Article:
Local, bottom-up efforts to equitably and democratically reform land relations worked hand and hand with state and national efforts to raise agricultural productivity. Local village governments called Panchayats created committees to implement the new farmland distribution scheme, while the central government pumped enormous resources into the development of irrigation and power infrastructure in Punjab.Inderjeet Singh and Kesar Singh Bhangoo, “Irrigation System in Indian Punjab,” Munich Personal RePEc Archive (September 29, 2013),

The benefits for the region’s agricultural productivity were dramatic. On the second anniversary of the “Partitioned Independence,” officials reported “a mood of subdued optimism” prevailing over the state: “The campaign against scarcity of food grains has succeeded beyond our most sanguine expectations.”Cited in Tai Yong Tan and Gyanesh Kudaisya, The Aftermath of Partition in South Asia (London: Routledge, 2000): 137.And the following year, in 1950, Punjab declared itself a food surplus state. On the eve of the third anniversary of independence, Chief Minister Dr G. C. Bhargava announced, “the tragic story of partition is a matter of history.… The brave Punjabis, by their unremitting toil and steadfastness of purpose…are now pulling themselves together through a unique effort of will.”Tan and Kudaisya, The Aftermath of Partition in South Asia, 138.

The ground had been laid for India’s Green Revolution.


Two successive years of little monsoon rains in 1965–1966, coupled with the effects of wars with China and Pakistan, brought northern India — especially the state of Bihar — to the brink of famine once again. Food grain production declined by one-fifth in those years and failed to recover in 1967.Sukhamoy Chakravarty, Development Planning: The Indian Experience (New Delhi: Oxford University Press, 1987); M. H. Suryanarayana, “PDS: Beyond Implicit Subsidy and Urban Bias — The Indian Experience,” Food Policy 20, no. 4 (1995): 259–78,’s inflation rate, which had previously remained very low, at around 2 percent, shot up to an average of 12 percent between 1965 and 1968.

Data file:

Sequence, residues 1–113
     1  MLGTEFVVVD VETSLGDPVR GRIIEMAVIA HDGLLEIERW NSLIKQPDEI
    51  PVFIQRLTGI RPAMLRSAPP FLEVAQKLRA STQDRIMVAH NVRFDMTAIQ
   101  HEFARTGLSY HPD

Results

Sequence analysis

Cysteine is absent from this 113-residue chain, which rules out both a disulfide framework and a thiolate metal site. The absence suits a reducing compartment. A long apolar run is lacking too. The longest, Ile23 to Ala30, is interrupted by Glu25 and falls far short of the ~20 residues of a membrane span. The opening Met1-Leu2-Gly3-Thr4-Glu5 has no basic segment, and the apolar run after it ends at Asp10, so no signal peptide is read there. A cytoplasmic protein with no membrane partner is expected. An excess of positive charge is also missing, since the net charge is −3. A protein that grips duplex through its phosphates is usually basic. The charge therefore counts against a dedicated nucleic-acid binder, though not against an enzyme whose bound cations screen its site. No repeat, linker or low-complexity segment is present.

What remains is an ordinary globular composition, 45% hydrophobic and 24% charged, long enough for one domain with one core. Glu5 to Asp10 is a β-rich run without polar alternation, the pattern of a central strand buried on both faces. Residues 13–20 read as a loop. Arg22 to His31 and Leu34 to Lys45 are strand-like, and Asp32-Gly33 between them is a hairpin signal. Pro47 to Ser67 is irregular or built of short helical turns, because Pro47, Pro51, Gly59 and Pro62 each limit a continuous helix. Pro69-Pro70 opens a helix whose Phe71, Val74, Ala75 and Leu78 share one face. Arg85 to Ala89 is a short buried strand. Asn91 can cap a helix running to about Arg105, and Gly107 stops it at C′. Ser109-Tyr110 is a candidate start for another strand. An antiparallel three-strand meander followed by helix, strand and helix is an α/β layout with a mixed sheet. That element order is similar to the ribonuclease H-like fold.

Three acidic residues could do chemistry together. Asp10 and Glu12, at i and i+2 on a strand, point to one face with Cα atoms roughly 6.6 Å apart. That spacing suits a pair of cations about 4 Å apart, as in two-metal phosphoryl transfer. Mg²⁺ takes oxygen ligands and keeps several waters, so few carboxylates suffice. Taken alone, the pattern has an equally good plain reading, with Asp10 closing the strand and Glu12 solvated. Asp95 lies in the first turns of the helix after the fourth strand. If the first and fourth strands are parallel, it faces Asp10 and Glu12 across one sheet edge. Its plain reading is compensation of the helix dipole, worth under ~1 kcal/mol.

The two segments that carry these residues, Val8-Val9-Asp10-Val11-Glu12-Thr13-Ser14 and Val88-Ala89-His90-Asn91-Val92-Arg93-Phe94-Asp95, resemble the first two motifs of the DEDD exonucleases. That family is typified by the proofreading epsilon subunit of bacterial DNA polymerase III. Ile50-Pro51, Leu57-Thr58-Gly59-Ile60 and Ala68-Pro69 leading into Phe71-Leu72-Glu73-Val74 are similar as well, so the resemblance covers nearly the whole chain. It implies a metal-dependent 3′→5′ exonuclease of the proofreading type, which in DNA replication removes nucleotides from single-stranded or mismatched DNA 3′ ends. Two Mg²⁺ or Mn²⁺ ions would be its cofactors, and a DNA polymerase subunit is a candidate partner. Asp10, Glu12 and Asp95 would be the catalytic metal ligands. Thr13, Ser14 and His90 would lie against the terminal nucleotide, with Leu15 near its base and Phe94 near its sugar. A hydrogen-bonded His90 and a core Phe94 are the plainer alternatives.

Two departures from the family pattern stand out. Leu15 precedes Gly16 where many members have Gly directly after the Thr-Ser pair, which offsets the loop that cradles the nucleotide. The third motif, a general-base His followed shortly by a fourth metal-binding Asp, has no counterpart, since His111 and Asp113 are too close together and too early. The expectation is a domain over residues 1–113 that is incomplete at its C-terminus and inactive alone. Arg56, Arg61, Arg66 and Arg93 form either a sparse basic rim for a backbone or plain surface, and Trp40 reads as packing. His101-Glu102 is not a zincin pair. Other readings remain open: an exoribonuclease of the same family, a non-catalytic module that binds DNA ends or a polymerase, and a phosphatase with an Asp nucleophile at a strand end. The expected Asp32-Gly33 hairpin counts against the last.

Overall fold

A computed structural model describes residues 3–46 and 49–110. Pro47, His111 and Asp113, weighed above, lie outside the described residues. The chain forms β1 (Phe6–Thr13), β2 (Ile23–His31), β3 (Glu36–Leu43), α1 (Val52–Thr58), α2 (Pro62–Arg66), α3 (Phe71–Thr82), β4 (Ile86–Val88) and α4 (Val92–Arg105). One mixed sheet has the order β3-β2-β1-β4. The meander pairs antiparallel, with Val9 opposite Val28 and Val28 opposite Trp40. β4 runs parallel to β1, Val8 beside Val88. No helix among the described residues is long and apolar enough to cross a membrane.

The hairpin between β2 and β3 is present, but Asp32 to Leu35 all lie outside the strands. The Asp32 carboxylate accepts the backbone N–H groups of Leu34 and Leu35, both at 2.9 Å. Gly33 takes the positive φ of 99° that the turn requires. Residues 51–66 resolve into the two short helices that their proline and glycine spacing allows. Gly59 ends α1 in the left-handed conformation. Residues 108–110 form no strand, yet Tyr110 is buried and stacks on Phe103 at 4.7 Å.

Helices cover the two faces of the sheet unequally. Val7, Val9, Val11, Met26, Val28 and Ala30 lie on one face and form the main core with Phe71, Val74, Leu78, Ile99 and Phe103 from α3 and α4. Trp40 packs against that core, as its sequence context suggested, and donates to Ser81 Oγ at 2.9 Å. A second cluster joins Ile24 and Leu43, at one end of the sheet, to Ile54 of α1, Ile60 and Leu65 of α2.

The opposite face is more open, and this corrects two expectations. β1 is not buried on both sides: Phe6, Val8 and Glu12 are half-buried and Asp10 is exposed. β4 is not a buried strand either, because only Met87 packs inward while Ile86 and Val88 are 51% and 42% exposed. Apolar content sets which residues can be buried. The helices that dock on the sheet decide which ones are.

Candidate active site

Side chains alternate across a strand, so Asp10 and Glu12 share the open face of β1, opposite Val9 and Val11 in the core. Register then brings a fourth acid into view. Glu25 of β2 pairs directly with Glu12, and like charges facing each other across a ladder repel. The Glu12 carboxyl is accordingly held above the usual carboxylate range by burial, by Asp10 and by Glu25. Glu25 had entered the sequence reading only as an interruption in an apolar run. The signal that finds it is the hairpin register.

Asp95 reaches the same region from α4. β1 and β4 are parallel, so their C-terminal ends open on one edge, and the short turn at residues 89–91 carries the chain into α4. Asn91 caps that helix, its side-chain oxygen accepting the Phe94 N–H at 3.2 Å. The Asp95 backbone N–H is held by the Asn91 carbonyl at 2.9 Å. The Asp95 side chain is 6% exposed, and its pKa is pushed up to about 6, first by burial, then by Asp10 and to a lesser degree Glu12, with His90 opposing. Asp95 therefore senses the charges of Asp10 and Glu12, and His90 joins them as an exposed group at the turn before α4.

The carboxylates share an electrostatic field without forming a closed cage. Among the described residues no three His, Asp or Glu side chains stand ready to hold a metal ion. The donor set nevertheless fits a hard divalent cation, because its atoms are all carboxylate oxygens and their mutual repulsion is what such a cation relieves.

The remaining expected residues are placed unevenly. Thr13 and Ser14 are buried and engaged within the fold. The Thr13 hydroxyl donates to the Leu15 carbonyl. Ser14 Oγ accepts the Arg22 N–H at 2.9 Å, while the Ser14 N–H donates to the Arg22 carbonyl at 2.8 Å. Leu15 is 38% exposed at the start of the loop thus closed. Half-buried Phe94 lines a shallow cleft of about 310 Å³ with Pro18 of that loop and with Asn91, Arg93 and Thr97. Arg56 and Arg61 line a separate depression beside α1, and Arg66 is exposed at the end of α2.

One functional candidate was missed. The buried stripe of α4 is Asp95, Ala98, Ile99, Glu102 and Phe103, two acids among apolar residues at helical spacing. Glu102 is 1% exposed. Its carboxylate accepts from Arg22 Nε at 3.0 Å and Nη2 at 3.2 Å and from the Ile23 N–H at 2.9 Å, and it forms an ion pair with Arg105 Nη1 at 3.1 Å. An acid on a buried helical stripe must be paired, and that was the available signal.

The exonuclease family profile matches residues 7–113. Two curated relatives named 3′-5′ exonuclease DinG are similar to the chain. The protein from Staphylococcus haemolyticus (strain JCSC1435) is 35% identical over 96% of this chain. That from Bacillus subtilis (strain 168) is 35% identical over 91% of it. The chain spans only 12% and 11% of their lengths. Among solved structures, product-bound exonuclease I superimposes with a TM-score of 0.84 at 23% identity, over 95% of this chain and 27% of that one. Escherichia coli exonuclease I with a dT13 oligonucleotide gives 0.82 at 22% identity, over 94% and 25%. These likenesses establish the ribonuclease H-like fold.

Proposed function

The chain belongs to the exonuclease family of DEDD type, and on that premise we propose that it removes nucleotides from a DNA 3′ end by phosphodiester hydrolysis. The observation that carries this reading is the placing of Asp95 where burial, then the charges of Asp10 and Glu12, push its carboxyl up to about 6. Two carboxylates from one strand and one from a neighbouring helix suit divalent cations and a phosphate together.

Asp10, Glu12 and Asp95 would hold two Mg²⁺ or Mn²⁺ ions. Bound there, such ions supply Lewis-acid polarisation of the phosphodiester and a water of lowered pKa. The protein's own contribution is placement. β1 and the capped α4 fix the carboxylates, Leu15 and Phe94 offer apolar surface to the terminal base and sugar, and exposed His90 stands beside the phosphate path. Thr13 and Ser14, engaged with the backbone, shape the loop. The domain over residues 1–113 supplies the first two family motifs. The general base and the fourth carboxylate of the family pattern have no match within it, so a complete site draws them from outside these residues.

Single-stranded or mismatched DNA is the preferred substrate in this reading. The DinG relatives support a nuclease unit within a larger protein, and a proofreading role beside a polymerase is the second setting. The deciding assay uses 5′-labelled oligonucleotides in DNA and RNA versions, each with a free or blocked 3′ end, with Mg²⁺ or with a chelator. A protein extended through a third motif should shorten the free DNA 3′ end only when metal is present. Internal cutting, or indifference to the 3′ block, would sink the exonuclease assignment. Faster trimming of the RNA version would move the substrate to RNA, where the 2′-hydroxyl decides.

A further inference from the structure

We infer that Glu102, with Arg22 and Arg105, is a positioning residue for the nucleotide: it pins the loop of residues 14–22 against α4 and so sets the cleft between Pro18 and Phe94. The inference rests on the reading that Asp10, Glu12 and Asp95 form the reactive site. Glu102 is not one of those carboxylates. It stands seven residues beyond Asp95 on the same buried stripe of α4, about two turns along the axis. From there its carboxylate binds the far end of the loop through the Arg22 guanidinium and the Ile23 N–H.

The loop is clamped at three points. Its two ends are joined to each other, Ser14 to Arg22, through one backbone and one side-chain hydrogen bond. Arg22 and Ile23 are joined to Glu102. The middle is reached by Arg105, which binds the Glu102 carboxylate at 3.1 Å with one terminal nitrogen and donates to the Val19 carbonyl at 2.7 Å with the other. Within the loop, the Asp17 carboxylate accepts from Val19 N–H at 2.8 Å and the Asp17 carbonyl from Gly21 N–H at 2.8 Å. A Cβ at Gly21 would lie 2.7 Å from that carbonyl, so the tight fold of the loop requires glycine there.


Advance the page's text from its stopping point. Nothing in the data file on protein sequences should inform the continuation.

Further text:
Faced with tremendous scarcity, India was compelled to import grain from the United States. With India desperate and vulnerable, the United States took advantage, pressuring India to devalue the rupee, open its agricultural market,India’s story of economic liberalization dates back to the crisis of 1965–1966. The structural reforms that were suggested in 1966 included deregulation of imports and a thorough rationalization of export subsidies (it was believed that devaluing the rupee would protect domestic producers from the resultant shock), reducing the government’s control over private investment through licensing, encouraging private and foreign investment in crucial sectors including agriculture, decontrolling fertilizer production and distribution, reducing the government’s share in heavy industry, etc. See Ankit Mital, “India and Liberalisation: There Was a 1966 Before 1991,” Mint 24 (January 24, 2016), For a more authoritative account of the 1966 deal, see David Denoon, “Cycles in Indian Economic Liberalization, 1966-1996,” Comparative Politics 31, no. 1 (1998): 43–60.and revise its criticism of the US military policy in Vietnam, among a host of other coercive demands. President Johnson instructed his officials to keep India “on a short leash” so that India had no choice but to accept America’s terms. In effect, wheat was used as a Cold War weapon. The experience was humiliating. As journalist Inder Malhotra recollected, “those of us who lived through that era swallowed a measure of humiliation with every morsel of American food.”Inder Malhotra, “Indira Gandhi’s Leftward Swing,” The Indian Express (June 10, 2013),